Pacing is actually a huge reason why I tend to prefer YA over Adult books (still, even though I do feel myself naturally relating less to teenage narrators), because generally, YA books tend to be much more tightly plotted and faster paced than a lot of adult books.

Obviously good pacing will mean different things to different readers because we want different things out of books. For instance, I know that I like snappy dialogue and lots of action because that’s what tends to keep me engaged (though I don’t like to make generalisations as there are always exceptions) and so that means I lean towards enjoying faster paced books more. Other readers may prefer books that are heavy on description and character introspection that benefit from a slower paced narrative. I actually don’t envy authors trying to get this right because you’re never going to be able to please everyone!

What do you think? Is pacing an important thing for you/something that you notice when you’re reading? What makes a well paced book for you? I would love to hear your thoughts on this one as I know that pacing can be a very subjective thing!

So once again, I’m not really sure what I want to cover next month, honestly I quite like not feeling like I have to hold myself to the topics I have on my list if I get inspired to write something else closer to the time of writing up the post, so you’ll just have to see what I come up with for next month. In the meantime, I’m actually going to have another post up today, this month’s Book Vs Movie post, so keep an eye out for that in the next hour!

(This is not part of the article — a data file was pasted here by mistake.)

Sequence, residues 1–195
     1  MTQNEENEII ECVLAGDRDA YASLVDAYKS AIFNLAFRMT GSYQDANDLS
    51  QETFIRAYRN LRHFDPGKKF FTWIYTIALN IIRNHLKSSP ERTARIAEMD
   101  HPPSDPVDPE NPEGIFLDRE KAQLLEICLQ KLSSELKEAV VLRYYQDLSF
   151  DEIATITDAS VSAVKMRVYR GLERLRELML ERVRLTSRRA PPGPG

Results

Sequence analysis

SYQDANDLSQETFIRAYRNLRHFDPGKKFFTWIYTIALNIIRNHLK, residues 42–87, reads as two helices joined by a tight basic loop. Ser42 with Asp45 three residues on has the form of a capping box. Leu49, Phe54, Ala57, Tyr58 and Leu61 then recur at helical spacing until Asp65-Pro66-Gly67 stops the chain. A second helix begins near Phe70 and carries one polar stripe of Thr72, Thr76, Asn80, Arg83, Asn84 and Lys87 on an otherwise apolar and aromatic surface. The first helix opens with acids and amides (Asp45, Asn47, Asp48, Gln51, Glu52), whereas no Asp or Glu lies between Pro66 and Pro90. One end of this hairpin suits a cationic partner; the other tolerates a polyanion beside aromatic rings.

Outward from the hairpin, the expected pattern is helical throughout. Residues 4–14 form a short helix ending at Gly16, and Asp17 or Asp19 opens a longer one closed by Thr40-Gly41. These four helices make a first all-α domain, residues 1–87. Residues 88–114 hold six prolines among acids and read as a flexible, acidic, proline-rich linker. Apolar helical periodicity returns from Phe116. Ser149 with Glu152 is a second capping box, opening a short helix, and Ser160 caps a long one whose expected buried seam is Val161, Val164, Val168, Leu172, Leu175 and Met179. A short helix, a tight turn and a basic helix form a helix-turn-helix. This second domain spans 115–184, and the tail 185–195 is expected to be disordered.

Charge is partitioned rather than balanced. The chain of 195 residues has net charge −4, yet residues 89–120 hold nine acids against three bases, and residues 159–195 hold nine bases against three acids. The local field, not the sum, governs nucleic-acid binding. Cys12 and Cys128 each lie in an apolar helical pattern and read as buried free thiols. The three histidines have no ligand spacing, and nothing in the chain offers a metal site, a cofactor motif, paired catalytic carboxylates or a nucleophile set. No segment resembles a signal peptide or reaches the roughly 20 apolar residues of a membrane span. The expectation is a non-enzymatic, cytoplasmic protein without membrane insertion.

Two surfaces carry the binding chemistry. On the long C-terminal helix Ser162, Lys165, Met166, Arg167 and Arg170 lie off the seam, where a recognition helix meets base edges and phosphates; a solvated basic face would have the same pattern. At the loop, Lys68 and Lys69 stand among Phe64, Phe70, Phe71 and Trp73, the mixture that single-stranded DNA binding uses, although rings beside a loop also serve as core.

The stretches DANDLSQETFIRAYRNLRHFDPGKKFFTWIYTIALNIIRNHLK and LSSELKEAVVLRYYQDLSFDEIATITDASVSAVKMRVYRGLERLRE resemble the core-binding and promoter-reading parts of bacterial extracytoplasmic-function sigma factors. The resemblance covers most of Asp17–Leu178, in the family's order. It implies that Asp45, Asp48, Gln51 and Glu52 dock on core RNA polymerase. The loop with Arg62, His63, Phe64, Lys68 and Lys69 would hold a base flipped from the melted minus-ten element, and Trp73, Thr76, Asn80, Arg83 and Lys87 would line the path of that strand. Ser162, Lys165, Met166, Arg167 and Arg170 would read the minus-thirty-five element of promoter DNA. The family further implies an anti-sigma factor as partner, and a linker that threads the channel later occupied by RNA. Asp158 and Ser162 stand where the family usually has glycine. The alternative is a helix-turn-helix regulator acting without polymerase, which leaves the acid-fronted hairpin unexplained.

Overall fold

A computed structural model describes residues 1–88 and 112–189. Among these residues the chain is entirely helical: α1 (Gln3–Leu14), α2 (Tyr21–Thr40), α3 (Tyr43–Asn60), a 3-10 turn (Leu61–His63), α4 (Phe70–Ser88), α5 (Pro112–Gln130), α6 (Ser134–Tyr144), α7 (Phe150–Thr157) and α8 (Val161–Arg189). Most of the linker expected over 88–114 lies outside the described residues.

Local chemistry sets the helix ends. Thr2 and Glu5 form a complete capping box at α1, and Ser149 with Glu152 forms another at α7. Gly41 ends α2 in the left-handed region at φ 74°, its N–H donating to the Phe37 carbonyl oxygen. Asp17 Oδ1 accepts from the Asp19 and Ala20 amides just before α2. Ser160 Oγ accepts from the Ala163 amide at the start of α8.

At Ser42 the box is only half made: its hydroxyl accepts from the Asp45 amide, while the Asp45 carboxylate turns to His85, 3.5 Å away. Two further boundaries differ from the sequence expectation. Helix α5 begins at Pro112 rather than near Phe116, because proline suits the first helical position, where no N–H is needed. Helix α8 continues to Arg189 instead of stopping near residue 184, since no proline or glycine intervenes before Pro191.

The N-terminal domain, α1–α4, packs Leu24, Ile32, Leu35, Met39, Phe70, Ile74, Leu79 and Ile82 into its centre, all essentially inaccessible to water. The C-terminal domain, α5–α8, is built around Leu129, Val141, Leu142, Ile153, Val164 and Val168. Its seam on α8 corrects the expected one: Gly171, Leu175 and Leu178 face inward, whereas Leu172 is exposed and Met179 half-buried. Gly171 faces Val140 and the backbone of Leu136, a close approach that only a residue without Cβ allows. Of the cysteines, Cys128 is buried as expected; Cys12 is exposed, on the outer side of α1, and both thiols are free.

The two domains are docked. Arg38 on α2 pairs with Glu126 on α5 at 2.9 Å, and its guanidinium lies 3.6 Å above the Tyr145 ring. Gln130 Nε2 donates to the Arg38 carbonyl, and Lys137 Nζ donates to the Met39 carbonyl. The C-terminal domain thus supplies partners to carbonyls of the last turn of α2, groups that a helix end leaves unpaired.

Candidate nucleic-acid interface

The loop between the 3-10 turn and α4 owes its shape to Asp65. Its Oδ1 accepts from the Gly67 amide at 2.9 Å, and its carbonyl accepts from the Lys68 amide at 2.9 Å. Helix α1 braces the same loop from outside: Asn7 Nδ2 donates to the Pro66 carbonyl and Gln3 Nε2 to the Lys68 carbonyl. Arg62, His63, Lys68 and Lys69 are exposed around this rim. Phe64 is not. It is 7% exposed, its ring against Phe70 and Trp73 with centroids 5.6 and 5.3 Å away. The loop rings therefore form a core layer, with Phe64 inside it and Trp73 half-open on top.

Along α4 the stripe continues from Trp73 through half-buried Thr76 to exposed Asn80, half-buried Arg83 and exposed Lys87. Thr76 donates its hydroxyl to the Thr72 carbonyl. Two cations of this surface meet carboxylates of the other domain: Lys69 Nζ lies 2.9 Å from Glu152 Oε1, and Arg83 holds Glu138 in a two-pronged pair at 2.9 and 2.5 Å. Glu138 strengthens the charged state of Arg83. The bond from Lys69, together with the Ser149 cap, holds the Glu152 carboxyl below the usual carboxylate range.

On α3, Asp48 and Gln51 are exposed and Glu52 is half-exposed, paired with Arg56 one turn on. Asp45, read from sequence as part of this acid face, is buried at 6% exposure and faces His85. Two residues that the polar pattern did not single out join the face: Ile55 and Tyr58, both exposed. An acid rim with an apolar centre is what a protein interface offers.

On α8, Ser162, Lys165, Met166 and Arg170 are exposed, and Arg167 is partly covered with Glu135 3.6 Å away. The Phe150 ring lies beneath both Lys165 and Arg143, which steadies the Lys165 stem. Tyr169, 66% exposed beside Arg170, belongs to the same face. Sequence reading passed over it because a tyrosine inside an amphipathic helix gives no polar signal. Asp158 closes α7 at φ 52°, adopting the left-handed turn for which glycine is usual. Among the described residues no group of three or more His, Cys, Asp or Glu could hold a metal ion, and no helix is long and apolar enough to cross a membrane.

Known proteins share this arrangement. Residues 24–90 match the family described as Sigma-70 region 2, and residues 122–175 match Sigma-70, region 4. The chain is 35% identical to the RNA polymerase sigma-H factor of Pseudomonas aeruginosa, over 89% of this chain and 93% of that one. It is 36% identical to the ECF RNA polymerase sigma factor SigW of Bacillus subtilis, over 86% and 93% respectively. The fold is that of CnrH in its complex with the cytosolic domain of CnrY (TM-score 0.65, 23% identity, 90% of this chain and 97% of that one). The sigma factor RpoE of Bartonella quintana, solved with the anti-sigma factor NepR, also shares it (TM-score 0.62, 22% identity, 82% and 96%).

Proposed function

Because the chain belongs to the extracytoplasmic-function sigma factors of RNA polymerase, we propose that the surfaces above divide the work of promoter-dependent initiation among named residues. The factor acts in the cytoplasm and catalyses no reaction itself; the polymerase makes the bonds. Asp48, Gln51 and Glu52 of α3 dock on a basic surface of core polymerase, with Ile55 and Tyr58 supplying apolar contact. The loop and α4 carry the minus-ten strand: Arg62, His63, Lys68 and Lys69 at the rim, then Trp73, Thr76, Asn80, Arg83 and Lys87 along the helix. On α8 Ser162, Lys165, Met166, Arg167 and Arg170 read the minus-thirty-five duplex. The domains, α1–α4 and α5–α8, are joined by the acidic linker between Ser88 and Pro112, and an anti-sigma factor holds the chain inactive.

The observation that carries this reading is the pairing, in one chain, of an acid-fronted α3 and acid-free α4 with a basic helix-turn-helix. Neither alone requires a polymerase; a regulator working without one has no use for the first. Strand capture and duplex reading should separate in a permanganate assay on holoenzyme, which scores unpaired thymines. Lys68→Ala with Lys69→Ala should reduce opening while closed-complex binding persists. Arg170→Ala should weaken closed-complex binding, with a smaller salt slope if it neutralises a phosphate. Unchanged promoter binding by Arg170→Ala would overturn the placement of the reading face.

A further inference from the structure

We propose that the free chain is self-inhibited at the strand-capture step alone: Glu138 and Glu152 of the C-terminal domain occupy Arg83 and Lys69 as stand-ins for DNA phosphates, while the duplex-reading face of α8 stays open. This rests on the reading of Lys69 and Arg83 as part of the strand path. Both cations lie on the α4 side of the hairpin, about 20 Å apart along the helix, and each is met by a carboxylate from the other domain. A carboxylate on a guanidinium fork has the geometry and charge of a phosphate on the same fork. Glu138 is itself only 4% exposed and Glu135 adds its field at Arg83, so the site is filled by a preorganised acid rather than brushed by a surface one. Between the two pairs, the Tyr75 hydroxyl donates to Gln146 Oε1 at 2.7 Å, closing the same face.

2 thoughts on “Jo Talks Books: On Pacing In Books

  1. Hanna (@bookinginheels) 03/10/2020 / 1:42 pm

    I agree with pretty much everything you’ve said here, and I also agree regarding the Daevabad trilogy. They’re chunky books, but the second and third books seem to drag because there’s STILL so much world-building. I like a fully fleshed out world, but (as you say) that needs to be balanced with action.

    This a great post šŸ™‚

    http://www.bookinginheels.com

    • iloveheartlandx 08/10/2020 / 3:51 pm

      Thanks, I’m glad you enjoyed it! Yes, the author does a wonderful job fleshing out the world, but the plot does suffer a little for it because it takes so long to get the characters where she wants them to be!